Preheat the oven to 275 degrees. Remove the duck legs from the bag and brush off the rub. Put the duck legs in a pan just large enough to hold them. Pour the olive oil on top of the duck – don’t worry if you don’t have enough to cover it. Cover the pan tightly and place in the oven. Bake for three hours. Carefully remove the duck legs from the pan and set aside. Strain the solids from the fat and save, covered, in the refrigerator. They’lll keep for several weeks.  

Prepare a hot fire on one side of the grill. When the coals are hot, drain the apple wood chips and add them to the fire. Place the apple slices on the grill grate over the side that doesn’t have the fire. Put the leg quarters, skin side up on top of the apple slices, cover the grill and smoke for 20 minutes.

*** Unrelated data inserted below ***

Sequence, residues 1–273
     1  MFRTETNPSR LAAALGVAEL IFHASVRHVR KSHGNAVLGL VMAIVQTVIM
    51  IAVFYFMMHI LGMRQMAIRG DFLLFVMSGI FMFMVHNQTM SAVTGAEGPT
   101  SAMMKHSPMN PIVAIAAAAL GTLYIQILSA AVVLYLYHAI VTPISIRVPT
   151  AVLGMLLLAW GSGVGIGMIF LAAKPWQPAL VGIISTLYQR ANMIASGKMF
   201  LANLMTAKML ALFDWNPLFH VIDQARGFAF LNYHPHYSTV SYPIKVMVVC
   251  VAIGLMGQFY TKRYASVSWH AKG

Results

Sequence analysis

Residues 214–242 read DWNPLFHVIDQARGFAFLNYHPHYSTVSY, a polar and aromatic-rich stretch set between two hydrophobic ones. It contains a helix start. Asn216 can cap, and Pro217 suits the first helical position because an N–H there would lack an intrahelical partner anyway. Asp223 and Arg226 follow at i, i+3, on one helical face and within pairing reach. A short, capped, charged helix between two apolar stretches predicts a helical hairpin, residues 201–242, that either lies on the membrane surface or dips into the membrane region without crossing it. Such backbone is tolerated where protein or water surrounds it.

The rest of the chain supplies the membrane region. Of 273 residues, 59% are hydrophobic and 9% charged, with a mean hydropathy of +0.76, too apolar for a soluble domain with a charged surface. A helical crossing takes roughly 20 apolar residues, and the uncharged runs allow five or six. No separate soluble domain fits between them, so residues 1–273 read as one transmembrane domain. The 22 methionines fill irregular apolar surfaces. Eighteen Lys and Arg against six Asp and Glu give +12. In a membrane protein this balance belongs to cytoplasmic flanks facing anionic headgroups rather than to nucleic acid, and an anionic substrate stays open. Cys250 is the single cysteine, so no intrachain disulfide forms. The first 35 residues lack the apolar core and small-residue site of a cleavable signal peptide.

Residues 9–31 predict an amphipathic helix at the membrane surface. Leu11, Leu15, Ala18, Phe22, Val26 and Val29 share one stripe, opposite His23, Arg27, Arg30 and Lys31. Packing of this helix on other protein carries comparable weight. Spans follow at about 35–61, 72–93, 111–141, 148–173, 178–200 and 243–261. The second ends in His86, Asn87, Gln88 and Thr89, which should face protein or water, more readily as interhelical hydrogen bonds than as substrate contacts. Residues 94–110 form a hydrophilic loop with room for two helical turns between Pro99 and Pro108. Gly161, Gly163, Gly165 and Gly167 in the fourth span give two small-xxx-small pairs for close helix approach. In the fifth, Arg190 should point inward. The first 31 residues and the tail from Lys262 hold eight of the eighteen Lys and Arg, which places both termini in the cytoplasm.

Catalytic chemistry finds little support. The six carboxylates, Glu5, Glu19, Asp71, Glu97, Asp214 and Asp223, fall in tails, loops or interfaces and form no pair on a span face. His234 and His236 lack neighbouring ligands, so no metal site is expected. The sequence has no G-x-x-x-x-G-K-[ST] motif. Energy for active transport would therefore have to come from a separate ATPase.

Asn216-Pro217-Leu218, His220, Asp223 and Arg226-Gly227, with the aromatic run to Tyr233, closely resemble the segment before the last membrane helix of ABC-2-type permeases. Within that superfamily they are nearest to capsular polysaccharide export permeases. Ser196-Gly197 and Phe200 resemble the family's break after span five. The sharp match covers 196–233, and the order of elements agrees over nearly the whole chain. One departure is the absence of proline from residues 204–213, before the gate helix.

Remove the duck from the grill and set aside. Discard the apple slices. Place the leg quarters on the grill over the fire skin side up. Close the grill and cook for five minutes skin side up. Turn the leg quarters over, cover the grill and cook for five more minutes.  Remove from the grill and let rest for five minutes. Serves 2. Serve with the cranberry sauce (see recipe below).

Cranberry Walnut Sauce
1 Tbsp. vegetable oil
1/4 c. shallots, finely chopped
2 c fresh cranberries
1/2 c. freshly squeezed orange juice
1/2 c. madeira
2 Tbsp. sugar
1/4 c. walnuts, coarsely chopped

Heat the oil in a saucepan over medium heat. Add the shallots and cook for one minute. Add the cranberries, orange juice, Madeira, sugar and walnuts and cook for 10 minutes. The cranberries will begin to pop and the sauce will be starting to thicken. Serve warm.